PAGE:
“Many find their happiness in the music of voices and strings and flutes. When they are without it, they think they are miserable; and when they have it, they are in raptures. So when the silent eloquence of truth flows over us without the clamour of voices, shall we look for some other happiness, and not enjoy the one that is so secure and so near at hand? People take pleasure in the cheerfulness and brightness of light — in the glitter of gold and silver, in the brilliance of gems, and in the radiance of colours and of that very light that belongs to our eyes, whether in earthly fires or in the stars or the sun or the moon.”

“So if you take away everything that is good, you will have absolutely nothing left. But every good thing comes from God, so there is no nature that does not come from God. On the other hand, every defect comes from nothing, and that movement of turning away, which we admit is sin, is a defective movement. . . . But since we cannot pick ourselves up voluntarily as we fell voluntarily, let us hold with confident faith the right hand of God — that is, our Lord Jesus Christ — which has been held out to us from on high.”

There’s another half of the book to go. I’ll post more probably on Tuesday, after Advanced Fiction again. I get to tell my atheist that he included 19 stereotypes of fundamentalist Christians in his story, which made me laugh, and why doesn’t he try something new?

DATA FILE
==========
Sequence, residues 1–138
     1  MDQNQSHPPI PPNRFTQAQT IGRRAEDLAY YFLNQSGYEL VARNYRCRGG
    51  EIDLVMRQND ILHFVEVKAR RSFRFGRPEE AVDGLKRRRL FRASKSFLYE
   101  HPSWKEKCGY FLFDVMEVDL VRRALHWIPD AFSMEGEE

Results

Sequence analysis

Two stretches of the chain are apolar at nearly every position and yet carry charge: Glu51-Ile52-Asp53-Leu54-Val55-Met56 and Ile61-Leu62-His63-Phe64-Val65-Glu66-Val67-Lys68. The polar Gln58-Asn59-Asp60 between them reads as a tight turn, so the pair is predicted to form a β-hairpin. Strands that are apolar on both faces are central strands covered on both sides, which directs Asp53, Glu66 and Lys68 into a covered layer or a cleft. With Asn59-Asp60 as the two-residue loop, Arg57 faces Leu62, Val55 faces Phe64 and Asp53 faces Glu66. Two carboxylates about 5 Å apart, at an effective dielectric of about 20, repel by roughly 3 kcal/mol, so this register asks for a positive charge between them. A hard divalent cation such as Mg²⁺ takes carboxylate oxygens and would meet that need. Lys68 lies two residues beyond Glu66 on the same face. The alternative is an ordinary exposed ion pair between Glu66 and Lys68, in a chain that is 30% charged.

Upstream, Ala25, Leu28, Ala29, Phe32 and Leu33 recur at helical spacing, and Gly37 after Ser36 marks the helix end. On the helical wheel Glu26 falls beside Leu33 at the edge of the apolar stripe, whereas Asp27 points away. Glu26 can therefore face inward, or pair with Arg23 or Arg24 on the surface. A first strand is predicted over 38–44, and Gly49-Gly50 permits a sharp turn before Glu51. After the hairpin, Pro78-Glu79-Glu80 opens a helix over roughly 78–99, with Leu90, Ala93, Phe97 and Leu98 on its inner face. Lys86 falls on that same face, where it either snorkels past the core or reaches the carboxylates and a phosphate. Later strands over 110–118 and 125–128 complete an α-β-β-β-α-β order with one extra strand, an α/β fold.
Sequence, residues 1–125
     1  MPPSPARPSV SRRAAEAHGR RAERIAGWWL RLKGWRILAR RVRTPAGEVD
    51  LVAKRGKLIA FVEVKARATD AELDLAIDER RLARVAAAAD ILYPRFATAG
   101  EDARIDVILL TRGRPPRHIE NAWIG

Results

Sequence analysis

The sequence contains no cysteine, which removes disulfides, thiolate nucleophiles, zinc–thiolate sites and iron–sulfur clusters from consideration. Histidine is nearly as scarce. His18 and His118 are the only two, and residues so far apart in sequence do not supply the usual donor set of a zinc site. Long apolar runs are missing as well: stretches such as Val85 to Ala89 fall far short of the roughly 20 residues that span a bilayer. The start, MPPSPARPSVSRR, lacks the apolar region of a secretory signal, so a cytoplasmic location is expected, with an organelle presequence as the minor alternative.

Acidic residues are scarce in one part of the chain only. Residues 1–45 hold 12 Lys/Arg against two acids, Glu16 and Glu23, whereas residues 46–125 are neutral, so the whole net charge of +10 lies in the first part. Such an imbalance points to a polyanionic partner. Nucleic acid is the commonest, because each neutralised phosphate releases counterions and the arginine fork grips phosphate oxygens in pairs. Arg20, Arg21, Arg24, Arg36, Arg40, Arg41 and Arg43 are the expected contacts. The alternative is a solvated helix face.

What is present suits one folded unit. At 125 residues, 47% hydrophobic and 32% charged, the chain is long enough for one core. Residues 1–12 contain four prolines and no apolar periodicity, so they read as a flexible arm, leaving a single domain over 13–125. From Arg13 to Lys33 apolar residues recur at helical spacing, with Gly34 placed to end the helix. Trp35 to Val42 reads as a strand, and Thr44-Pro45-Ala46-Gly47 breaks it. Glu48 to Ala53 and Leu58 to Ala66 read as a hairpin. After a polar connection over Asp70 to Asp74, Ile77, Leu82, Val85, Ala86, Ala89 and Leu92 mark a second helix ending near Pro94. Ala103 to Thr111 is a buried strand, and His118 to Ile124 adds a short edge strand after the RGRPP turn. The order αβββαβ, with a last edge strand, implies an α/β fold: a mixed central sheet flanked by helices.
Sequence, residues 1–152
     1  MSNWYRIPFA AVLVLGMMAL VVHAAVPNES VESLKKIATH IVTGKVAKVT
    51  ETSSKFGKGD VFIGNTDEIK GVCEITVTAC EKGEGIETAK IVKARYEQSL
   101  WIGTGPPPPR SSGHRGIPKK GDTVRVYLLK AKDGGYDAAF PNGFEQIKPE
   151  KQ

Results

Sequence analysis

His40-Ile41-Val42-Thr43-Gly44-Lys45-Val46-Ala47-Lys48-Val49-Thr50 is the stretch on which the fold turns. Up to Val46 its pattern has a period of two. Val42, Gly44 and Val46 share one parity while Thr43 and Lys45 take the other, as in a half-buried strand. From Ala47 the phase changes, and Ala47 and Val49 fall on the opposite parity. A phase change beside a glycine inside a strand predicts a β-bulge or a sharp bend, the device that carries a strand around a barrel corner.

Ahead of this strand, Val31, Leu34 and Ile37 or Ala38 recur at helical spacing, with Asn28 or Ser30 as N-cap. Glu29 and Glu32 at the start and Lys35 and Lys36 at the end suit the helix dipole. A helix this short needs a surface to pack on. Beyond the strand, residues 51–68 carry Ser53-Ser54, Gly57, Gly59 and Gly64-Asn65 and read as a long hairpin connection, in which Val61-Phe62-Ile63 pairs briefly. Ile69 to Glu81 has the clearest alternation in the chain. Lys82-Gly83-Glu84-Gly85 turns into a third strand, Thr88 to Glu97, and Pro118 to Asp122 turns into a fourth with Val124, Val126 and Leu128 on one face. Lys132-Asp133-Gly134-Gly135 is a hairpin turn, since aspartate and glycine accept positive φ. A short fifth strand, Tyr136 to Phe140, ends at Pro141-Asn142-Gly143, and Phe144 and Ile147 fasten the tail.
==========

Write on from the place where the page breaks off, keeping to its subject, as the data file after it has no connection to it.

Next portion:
The more I read of Augustine, the more I want to read (have I said this before?). He’s so good and right about so many things, and he’s a good writer too, which helps. And he has a sense of humour.

Have you, my readers, read any Augustine? Favourite works, or quotes?

(of Hippo — there was another, who ought to be just as well-known, even if his literary output didn’t rival Jonathan Edwards’)

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January Wrap-up

Oh, look at me actually posting on a Tuesday again! Probably just because this is the kind of thing easy to write in advance. It is a busy day, though. Later I’m going to spend a couple of hours going through the Rachmaninoff piano concerto, whether that’s organizing parts or printing them, for tonight. Risks of the job include paper cuts, but what’s new.

Reading:

For classes: the first four Meditations of Descartes; some of a textbook (elsewhere referred to as Fiero); a book on writing which isn’t half bad; and we’re not done yet with On Free Choice of the Will by S. Augustine of Hippo! I’m barely beginning my acquaintance with him, but the more I read of him the more I want to read. It’s all in Plato, as they say, and if there’s something not in Plato, it’ll turn up in Augustine. (They do seem to share a propensity for defeating Relativism before that school of “thought” was ever named.) In the part we read for today, Augustine even advances two of the arguments Descartes makes in the Meditations, which I noticed because of reading them together.

3 books of the Dealing With Dragons series — fun twists of the usual fantasy things, and good relationships: good married couples, good not-overwhelming romance, good friendships.